• A security audit of the network
  • Test safecoin
  • Real-time network upgrades
  • Network validated upgrades

As has been the case to this point we will continue to release multiple test nets regularly between each alpha network to prove the technology in a public setting, and to mitigate against the code regressing.

We continue to be grateful to the huge support of the people that take the time to run these networks and report back, you all know who you are!

MaidSafe Development Update

It has been an exceedingly busy summer at MaidSafe and it seems like a good point to recap on what we have working on and how we see things rolling out as we move forward. Since our last major update, when we announced the network running end-to-end, we have been adding some pretty significant features and making several enhancements.

Amongst the highlights, we implemented Unified Structured Data, a change that enables the network to only recognise two primary data types; immutable and structured data. The repercussions for what this enhancement brings to the network is significant. Not only do they allow the reduction of network traffic (reducing load and making it more efficient), it also removes much complexity and enhances the security of the network. It is anticipated that Unified Structured Data will lay the groundwork for features such as smart contracts and global computation. For those looking for more technical detail you can visit the proposal as it was implemented here.

We also recently completed work on the Decentralised Naming System (DNS), essentially the SAFE Network’s version of Internet domains. Keen to avoid many of the issues that we experience with the existing system, such as being centrally controlled by an entity, the SAFE Network provides a way to look up data related to any name. So, no more ‘http’ and a lot more ‘safe:’. At the end of August we released an example application showing this functionality and the example itself can be downloaded here.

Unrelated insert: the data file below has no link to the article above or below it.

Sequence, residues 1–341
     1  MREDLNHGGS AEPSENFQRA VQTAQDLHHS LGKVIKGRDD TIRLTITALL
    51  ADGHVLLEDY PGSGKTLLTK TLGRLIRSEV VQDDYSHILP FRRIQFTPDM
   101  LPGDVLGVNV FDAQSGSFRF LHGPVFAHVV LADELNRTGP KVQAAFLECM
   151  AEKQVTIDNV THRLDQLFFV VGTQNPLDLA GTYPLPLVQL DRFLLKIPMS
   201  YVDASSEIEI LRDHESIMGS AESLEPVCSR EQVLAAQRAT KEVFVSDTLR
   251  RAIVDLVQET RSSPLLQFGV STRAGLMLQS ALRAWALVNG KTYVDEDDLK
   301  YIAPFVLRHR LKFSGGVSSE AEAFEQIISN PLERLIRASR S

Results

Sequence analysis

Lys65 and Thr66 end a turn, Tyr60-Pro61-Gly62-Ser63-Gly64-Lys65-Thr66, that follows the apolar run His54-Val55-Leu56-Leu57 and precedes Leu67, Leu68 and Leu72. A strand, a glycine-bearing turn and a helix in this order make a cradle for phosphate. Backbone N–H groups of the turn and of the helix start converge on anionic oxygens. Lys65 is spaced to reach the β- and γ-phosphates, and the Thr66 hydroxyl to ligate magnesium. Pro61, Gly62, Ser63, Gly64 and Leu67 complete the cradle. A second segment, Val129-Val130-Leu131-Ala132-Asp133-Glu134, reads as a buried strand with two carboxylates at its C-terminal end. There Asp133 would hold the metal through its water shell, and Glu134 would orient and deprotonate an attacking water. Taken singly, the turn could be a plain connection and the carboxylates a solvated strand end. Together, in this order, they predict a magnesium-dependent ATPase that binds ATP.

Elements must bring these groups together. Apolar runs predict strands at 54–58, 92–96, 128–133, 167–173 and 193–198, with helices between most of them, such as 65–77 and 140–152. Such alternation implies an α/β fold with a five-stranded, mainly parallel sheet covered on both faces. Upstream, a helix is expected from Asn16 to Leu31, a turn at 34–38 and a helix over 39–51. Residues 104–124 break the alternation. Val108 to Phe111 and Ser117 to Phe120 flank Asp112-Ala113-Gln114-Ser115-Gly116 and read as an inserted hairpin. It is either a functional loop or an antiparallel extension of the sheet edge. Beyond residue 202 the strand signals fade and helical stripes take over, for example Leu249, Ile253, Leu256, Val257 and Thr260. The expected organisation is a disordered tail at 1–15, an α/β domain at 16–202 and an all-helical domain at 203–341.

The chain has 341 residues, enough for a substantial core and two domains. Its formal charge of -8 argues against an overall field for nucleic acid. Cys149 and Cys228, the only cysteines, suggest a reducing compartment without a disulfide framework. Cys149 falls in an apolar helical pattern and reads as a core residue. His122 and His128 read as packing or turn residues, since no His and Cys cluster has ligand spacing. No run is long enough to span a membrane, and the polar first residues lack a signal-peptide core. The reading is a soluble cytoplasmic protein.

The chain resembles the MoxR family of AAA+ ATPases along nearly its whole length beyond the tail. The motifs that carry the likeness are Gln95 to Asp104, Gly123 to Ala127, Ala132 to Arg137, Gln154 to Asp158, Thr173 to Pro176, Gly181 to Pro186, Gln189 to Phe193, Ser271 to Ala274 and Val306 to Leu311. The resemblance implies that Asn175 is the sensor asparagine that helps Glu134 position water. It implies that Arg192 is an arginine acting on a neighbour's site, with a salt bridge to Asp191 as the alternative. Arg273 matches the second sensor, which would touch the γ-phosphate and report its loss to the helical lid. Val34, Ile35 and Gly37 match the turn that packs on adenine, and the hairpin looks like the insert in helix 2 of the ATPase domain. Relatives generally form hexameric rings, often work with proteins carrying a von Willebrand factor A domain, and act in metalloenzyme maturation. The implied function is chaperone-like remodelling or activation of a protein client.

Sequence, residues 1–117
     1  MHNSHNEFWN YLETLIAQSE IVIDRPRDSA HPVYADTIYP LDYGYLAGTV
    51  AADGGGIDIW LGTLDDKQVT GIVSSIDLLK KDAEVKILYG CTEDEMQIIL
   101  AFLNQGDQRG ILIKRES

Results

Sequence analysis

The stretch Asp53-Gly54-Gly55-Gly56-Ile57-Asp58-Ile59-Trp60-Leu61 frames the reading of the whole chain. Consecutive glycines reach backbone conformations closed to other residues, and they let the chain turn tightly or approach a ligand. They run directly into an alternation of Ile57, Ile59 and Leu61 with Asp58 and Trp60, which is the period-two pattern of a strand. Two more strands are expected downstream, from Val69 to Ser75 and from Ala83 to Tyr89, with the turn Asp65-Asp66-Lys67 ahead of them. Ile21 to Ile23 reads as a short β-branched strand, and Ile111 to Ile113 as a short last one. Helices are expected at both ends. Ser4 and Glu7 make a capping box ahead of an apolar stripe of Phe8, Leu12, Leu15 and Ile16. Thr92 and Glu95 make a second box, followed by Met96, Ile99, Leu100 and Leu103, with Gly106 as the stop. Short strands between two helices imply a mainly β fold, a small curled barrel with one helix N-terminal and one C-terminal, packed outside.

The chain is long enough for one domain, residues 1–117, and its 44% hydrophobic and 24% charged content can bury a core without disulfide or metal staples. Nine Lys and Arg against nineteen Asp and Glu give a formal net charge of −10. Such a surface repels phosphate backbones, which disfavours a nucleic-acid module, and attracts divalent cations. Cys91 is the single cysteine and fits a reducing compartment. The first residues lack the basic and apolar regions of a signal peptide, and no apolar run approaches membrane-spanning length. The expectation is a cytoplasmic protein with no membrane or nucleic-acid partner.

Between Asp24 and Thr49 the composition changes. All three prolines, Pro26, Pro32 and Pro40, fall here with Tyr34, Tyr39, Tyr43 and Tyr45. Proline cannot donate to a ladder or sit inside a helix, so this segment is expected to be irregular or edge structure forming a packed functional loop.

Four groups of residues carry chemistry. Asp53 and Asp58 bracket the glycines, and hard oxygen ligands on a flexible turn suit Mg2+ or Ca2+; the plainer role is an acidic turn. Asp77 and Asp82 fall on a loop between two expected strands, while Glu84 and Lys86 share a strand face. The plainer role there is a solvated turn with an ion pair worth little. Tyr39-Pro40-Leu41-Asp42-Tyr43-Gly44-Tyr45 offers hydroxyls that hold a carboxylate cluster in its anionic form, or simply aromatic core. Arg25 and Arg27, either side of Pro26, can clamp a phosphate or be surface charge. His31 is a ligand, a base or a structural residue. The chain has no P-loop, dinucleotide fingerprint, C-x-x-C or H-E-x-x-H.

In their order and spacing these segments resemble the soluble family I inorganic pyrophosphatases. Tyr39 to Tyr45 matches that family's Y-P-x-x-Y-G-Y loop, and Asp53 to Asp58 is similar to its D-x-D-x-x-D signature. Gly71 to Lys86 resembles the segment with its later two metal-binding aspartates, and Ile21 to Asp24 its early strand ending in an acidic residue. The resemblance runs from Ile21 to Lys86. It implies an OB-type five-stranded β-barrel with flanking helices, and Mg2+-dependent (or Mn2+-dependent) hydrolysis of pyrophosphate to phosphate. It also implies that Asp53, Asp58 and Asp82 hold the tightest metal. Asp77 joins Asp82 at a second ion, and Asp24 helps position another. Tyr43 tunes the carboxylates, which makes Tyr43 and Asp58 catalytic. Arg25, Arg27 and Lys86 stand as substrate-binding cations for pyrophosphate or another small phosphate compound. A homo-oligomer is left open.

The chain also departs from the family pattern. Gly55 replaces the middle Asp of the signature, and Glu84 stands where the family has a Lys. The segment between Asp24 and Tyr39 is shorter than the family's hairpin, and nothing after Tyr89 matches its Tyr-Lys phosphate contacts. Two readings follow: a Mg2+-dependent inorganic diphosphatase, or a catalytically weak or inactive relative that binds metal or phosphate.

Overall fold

Screenshot from 2015-09-02 22-16-30

This was a really exciting development as it enabled us to get more (in addition to the Crust, Self Encryption and Routing examples released early summer) software into the hands of users. In essence, the DNS example enabled users to set up a local network, add files to it (even a website) and then view them using a Firefox extension across multiple platforms. MaidSafe focus a lot on usability and it is therefore great to see comments like this (from Justin Chellis):

“I am not great at things like this, but it worked very easy for me..”

Receiving positive feedback is a real motivator for all at MaidSafe, it’s proof that we are making very clear progress toward our goal of providing the average man, woman and child, access to technology that keeps their digital information safe.

In addition to adding features, we have also had to spend some time going back and tidying up sections of code that were inevitably less than perfect given the pace at which we are working. A technical debt sprint has just finished and we are pleased to see much increased stability in the network. This effort is all being helped by our recently launched bounty program which enables MaidSafe to benefit from the work of several community developers, who between them submitted 12 pull requests over a 2 week period. It’s great to be able to harness the passion of external developers in a way that is mutually beneficial and we are really looking forward to seeing the bounty program flourish.